Reporting Fraud

Considering becoming a whistleblower?

We all have a patriotic duty to report government fraud and abuse. If you suspect that fraud may be occurring at your workplace, please contact us to report it. StopFraudNOW was founded to help ordinary people like you who just want to do the right thing. Our process is efficient and effective:


  • Confidentially confer with our team of attorneys, specialists and investigators
  • Provide details explaining how the company is committing fraud


  • Investigate and collect documents, files, emails, and evidence
  • Vet your claim while protecting your privacy
  • File a sealed complaint on behalf of the United States Government
  • Act as the relator’s legal representatives on the case
  • Provide the authorities with a “disclosure statement” containing all evidence
  • Assist the U.S. Department of Justice in pursuing the case
  • Pursue the case ourselves should the DOJ decide not to pursue

Doing the right thing has its own rewards.

Taking part in exposing and punishing the companies and individuals committing fraud is reward in itself. Aligned with a winning team, whistleblowers can also share in the reward with a percentage of the money recovered by the government as a result of their false claim lawsuit. In many cases, the government will even recover up to three times the amount of money it lost as a result of claims fraud.

Knowing where to file is critical.

WHERE: The team at StopFraudNOW understands that not every court is created equal. Different courts can interpret the statutes and regulations associated with a fraud case in a surprising number of ways. Having the experience and insights to determine which court (or courts) would be best for filing a certain type of false claims is an essential part of a winning strategy.


  • Billing inaccuracies and false claims involving patients in nursing homes

Knowing when to file is easy…NOW.

WHEN: The False Claims Act limits the time period during which a lawsuit can be filed. Most must be filed within six years while certain exceptions can extend the period to ten years. If a whistleblower waits too long to file a false claims lawsuit, there is the risk of another relator filing first, in which case, subsequent filings would be dismissed. The faster the filing, the better the chances are that a case will be successful and increase government rewards.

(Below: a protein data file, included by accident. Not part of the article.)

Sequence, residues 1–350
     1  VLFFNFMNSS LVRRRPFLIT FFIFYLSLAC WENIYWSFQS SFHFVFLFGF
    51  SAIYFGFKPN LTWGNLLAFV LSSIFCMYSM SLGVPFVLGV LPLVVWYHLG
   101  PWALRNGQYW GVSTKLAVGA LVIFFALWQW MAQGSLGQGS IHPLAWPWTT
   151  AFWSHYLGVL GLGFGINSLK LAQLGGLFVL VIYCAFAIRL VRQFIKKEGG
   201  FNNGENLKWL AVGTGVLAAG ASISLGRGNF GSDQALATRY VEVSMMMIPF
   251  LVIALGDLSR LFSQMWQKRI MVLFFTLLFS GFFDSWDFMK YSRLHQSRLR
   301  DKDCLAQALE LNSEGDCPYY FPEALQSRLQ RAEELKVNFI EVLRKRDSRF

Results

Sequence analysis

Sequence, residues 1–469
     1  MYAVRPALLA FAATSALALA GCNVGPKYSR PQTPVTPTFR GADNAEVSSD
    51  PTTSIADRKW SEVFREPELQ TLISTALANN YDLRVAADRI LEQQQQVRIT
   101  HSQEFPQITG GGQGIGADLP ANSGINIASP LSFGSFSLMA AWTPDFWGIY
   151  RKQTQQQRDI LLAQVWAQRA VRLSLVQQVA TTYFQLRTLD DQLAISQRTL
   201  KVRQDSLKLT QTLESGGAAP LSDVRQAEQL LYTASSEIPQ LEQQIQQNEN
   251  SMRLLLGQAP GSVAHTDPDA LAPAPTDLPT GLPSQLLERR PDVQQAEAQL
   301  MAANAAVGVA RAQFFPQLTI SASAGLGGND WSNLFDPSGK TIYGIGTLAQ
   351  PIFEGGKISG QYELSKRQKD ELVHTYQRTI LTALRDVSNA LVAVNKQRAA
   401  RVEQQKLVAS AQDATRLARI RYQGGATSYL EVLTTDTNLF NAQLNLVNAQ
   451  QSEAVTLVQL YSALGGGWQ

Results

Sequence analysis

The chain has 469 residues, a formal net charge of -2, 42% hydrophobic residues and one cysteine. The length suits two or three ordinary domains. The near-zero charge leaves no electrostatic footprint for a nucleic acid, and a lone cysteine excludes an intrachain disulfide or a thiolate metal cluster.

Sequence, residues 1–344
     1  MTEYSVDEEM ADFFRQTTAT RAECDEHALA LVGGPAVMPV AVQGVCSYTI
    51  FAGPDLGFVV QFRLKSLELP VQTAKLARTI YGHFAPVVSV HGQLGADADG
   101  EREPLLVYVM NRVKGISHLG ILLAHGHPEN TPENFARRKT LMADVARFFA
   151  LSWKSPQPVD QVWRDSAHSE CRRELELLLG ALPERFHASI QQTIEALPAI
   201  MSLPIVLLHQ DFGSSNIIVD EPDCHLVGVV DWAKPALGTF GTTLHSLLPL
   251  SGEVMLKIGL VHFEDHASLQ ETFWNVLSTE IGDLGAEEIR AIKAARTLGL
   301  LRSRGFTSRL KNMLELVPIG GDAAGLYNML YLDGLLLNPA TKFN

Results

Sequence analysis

Knowing what not to say.

The fastest way to have a qui tam case dismissed is to make the fraud claim allegations public. To protect the relators and the investigation of their charges, qui tam lawsuits are filed under seal and are not available to the public until the federal government decides whether to pursue the case. Sharing the allegations with friends, posting on social or discussing with anyone other than the legal team can tip off the accused and seriously jeopardize the case.

Doing the right things can be stressful.

Relators take personal and professional risks when they blow the whistle on fraud. While we will protect your privacy, the government also has whistleblower protection programs for claims associated with the False Claims Act and the Dodd-Frank Act as well as with the Internal Revenue Service to mitigate inherent risks. These programs protect the whistleblower against being discharged, demoted, suspended, threatened, harassed, or in any other manner discriminated against in the terms and conditions of employment.


Types of Fraud


Help us fight healthcare fraud.

Fraud and abuse costs Medicaid, Medicare and taxpayers about $120 billion per year – almost 10% of total government Medicaid and Medicare spending.

To fight this rampant fraud, the qui tam lawsuits under the False Claims Act have been used to recover billions of dollars fraudulently taken from Medicare, Medicaid, and TRICARE by healthcare schemes including:

  • Medicaid/Medicare Fraudulent Billing
  • Pharmaceutical Fraud
  • Treatment Issues
  • Misrepresentation of Credentials
  • Billing for services not provided
  • Upcoding or Improper Coding of Goods and Services
  • Bundling and Unbundling Procedures
  • Misrepresentation of Patient Date – Populations
  • Billing Cap Services


  • Total Neglect or Failure to Provide Services – Submitting claims for services that were not provided
  • Worthless Services – services that are so deficient that there was no medical value.
  • Inadequate Services – denying tests or services at facilities that are paid on a per diem basis
  • Standard of Care – healthcare provider fails to meet required quality of care standards
  • Aggressive Treatment – ordering unnecessary medical tests and medical services
  • Misrepresenting the credentials of the person who provided healthcare services


  • Incorrectly coding healthcare services to be reimbursed at a higher rate


  • Doubling Medicare reimbursements by submitting the same procedure under both bundled and unbundled service claims


  • Billing inaccuracies and false claims involving patients in nursing homes


  • Off-label marketing promoting prescription drugs for uses not approved by the FDA
  • Bribing or paying kickbacks to obtain business and referrals
  • Sale of adulterated medications — low quality, dangerously made, or harmful drugs



  • Collusion to secure government contracts

Help us fight securities fraud.

The Dodd-Frank Act (fully known as the Dodd-Frank Wall Street Reform and Consumer Protection Act) is a United States federal law that places regulation of the financial industry in the hands of the government. The legislation, which was enacted in July 2010, created financial regulatory processes to limit risk by enforcing transparency and accountability.

The Dodd-Frank Act contains a whistleblowing provision to encourage those with original information about security violations to report them to the government. Whistleblowers receive a financial reward. If you have evidence of securities fraud, please contact us immediately.